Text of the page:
Dil Brito
Lowing

Lowing is a finely rendered, highly focused album that captures Dil Brito at their best.

Vancouver band Dil Brito’s 2018 album Mote was an album’s worth of musical inquiry, full of their self-declared “experimental alt-folk” and sonic studies on just how far they could push form. Where Mote unspooled like a spontaneous stream of consciousness, their latest, Lowing, hums with a quiet intensity; it is a finely rendered, highly focused album that still manages to capture Dil Brito at their free-form improvisational best. 

Opener “The Bodies” sets the tone and mood for the rest of Lowing. It’s the sound of treading water in a sea of swirling social media influences and rapid-fire change. Even while its dissonant strings pick up the tempo, “The Bodies” heartbeat remains measured and calm. Even with haunted, muted crashes of piano chords, “Maybe Move” feels as soothing as a lullaby. Thematically Lowing hinges on the idea that as the world gets increasingly loud and chaotic, the more we need to master the art of standing still. “Bait the silence, make opaque all the noise we want to marry with waste,” goes the words to “Splintering, “I’ve been thinking about fate, for the gaps when I can sit and wait.” As a reward to patient and attentive listeners, songs like “The Pearl” and “I Am Being Clear For Once” offer sonic nuggets of fun; the former has passages that sound like the band keep turning the volume knob up and down to hypnotic effect; the latter is a jaunty guitar-plucked tune underpinned with what sounds like an interstellar message from an alien lifeform.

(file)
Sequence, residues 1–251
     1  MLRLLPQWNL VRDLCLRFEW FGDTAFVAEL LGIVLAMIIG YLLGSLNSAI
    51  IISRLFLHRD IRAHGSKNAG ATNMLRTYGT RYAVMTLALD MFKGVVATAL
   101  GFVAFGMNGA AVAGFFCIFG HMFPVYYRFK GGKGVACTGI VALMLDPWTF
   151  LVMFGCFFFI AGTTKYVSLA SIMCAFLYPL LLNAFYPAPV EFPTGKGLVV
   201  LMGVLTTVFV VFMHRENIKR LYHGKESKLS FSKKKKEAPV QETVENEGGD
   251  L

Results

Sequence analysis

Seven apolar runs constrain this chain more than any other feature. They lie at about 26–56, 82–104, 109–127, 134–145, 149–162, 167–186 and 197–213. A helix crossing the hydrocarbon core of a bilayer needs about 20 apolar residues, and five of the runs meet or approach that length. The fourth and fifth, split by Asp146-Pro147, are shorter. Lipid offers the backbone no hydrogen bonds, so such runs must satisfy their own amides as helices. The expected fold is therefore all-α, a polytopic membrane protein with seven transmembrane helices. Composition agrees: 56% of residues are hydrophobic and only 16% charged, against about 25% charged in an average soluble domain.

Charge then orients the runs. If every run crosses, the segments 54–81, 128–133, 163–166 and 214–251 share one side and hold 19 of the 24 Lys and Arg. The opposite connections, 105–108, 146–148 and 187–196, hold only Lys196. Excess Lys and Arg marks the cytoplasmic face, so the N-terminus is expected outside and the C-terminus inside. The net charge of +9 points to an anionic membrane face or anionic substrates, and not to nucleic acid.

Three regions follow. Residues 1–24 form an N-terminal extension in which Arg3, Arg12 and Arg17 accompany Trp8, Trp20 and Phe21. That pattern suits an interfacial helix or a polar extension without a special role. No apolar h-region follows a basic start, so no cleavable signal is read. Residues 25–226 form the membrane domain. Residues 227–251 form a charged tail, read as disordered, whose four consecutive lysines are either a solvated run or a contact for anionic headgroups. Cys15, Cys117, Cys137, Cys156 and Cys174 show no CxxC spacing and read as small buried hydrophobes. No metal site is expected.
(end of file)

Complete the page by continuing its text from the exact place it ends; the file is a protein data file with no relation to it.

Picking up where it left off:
As if to further reinforce the notion of sitting still and centring oneself amidst a sea of change, Dil Brito is introducing Lowing through a unique listening party: the album will play in its entirety over the in-house sound systems of a number of Vancouver businesses simultaneously. More than a dozen locations will have Lowing subtly, quietly playing so that, in their words, “Only those who want to listen can listen — for everyone else, [Dil Brito] haven’t added to the noise of their lives.”

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